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Research - Biophysical Communication Engineering Laboratory

TLDR: We work on biophysical signal propagation, cellular signal processing, and molecular communication engineering.


Signalling by tumour cellsOur long-term objective is to use communications and signal processing tools to improve the understanding of biophysical processes and how to interact with them at a microscopic level. As examples, we're interested in answers to the following questions:

  • Could we disrupt signalling to prevent a biofilm from forming or a cancerous tumour from developing?
  • Could we stimulate a neuron to transfer as much information as possible?
  • Could we support a diseased system to maintain signal integrity and prevent degeneration?
  • Could we safely add a network of nanorobots to a body without disrupting natural signalling processes?

Ultimately, we hope that this research can be coupled with advancements in nanotechnology to aid in the advancement of medical treatments and other applications that rely on the release and detection of molecules.

Our underlying research lens is communications engineering. We look at molecular communication as an inter-disciplinary domain at the intersection of communications theory, physical chemistry, and biology. Progress in this field can improve our understanding of biological processes while also enabling the design and deployment of novel communication networks in biological and fluid environments. Novel systems based on molecular communication could advance applications such as targeted drug delivery, sensitive environmental monitoring, and lab-on-a-chip systems.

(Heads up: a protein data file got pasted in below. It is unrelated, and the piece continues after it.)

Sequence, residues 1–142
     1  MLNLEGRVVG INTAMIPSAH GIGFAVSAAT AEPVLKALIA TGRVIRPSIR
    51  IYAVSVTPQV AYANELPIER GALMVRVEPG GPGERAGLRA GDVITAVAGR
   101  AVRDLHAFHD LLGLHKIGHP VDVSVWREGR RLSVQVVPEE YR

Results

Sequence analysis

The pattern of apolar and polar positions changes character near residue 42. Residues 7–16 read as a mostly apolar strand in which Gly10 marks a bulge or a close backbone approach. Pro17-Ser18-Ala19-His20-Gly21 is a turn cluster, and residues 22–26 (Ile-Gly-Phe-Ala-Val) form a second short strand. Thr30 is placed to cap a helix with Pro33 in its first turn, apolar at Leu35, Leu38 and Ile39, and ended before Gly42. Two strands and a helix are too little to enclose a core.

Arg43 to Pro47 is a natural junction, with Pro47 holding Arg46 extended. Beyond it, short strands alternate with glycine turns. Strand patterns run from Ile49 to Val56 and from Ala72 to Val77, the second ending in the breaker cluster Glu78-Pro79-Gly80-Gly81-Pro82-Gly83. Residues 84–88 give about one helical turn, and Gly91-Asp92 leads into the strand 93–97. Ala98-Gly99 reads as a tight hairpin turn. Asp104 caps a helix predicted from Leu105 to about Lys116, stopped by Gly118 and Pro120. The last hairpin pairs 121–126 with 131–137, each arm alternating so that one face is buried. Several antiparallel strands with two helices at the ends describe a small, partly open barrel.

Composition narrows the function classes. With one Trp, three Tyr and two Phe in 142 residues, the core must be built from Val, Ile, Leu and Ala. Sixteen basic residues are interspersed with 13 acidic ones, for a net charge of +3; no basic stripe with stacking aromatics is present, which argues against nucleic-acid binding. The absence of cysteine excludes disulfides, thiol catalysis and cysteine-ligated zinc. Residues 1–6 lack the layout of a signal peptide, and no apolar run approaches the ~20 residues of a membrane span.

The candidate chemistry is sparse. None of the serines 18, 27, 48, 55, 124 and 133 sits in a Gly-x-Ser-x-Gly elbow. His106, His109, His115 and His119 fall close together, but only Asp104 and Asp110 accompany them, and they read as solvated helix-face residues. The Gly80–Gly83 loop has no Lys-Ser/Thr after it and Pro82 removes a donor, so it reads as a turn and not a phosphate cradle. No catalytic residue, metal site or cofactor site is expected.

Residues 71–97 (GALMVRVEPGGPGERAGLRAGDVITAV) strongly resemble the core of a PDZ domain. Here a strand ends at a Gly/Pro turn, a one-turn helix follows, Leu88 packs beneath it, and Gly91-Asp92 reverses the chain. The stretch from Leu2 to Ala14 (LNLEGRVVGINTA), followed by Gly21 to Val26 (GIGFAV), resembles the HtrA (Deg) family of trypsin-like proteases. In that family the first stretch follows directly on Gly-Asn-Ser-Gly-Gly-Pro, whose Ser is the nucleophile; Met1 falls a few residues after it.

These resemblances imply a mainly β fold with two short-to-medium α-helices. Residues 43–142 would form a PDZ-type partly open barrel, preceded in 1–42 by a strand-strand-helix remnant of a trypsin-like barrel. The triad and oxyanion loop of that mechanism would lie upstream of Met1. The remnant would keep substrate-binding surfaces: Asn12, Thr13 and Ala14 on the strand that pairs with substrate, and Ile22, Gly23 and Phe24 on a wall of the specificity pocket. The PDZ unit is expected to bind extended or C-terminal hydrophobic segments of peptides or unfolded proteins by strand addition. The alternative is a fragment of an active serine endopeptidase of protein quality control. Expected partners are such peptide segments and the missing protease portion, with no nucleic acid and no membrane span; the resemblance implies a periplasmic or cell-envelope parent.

Below are some of the topics that we are currently working on. You can also refer to our recent work on the Publications page.

Image from Using Game Theory for Real-Time Behavioral Dynamics in Microscopic Populations with Noisy Signaling, submitted for publication (2019).

Transceiver Behavior in Molecular Communication Systems

fig_sketch_cells.pngIn conventional communications analysis, the devices are ideal nodes that operate as intended. For a molecular communication system, this is suitable for establishing tractable limits on communications performance. But in reality, transmitters and receivers might have different intended purposes and may not cooperate as desired, especially if some nodes are normal biological cell and others are manufactured synthetically.

Image from Using Game Theory for Real-Time Behavioral Dynamics in Microscopic Populations with Noisy Signaling, submitted for publication (2019).

Information Theoretic Modeling of Biochemical ProceNeuronal signallingsses

Existing biochemical processes in natural biological systems can be used to transfer large quantities of information. We do not have a complete understanding of how much information is transferred and exactly what this information is. Open questions include how much information is carried in neuron firing spikes and in chemical reactions.

Image from Wikimedia Commons

Simulation Tools for Molecular Communication

Simulation tools play an important role in verifying analysis and understanding system models. To this end, we are developing AcCoRD (Actor-based Communication via Reaction-Diffusion) as an open source project for simulating molecular communication systems.

Presentation Links

Here are some presentation slides describing the area and some of our contributions:


Contact Details

School of Engineering
Library Road
University of Warwick


+44 (0) 24 7657 4566

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